De Wet rallies disheartened burghers—Retreat of third Free State army from Colesberg to Kroonstad—De Wet leaves Brandfort with 1,000 men to join it—Waylays Broadwood's command at Sannas Post (Koorn Spruit)—Reckons safely on British stupidity—Heroism of British captain—Death of Lieutenant Nix—complete rout of British—De Wet captures British force near Reddersburg—unsuccessful siege of Wepener—Botha's narrow escape.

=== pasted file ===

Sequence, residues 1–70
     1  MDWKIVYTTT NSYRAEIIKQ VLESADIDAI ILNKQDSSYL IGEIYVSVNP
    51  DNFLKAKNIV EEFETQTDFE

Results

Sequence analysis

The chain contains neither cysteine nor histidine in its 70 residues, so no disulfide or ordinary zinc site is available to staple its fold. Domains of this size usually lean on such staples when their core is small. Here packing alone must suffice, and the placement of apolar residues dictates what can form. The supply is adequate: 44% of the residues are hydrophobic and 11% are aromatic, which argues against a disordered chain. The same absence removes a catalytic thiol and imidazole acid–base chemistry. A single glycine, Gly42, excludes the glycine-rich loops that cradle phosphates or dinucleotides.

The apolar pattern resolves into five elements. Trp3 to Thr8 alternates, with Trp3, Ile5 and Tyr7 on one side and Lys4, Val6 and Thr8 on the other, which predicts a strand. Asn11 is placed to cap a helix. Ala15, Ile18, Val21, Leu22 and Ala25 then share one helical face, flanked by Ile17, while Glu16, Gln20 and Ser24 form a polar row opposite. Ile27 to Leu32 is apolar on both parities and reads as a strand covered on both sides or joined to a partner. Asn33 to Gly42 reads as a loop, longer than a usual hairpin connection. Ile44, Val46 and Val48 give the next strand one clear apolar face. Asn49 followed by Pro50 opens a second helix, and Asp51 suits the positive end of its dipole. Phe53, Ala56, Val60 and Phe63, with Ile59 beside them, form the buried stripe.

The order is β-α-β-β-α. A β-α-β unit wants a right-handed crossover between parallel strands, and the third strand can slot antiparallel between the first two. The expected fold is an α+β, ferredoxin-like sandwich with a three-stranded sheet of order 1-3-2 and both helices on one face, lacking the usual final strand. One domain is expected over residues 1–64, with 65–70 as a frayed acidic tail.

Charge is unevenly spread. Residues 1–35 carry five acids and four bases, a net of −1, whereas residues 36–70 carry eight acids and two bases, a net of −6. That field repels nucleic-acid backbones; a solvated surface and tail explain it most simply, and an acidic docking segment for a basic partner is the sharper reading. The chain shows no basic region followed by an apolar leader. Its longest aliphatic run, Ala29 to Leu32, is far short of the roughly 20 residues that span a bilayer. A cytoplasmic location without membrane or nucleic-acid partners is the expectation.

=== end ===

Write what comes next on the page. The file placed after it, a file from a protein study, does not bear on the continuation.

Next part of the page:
The first effective blow struck at the enemy after the capture of Bloemfontein was the work of Christian De Wet. He had set to work after the British occupation of the Free State capital to mobilize his commandoes again, visiting villages and farms in the Brandfort and surrounding districts, and rallying the burghers to the field. His influence was very great, especially among the Boer women, who reverenced him for his steadfast loyalty, and for his many striking triumphs over the enemies of their homes and country, and it was largely due to the cooperating patriotism of the noblest race of women who have ever encouraged the cause of freedom that he owed the successful recruiting of the body of burghers who enabled him to win the brilliant victory of Sannas Post. He had fought like a lion from Blaubank to Bloemfontein with his Free State burghers. Xo defeats discouraged, no disasters dismayed him, and when large numbers of men had retired to their farms, sullen and dispirited over the collapse of Cronje's army, he who was to be henceforth the doughtiest champion of his country in the field, left Bloemfontein by the road to the north only as the English were entering the city at the other side.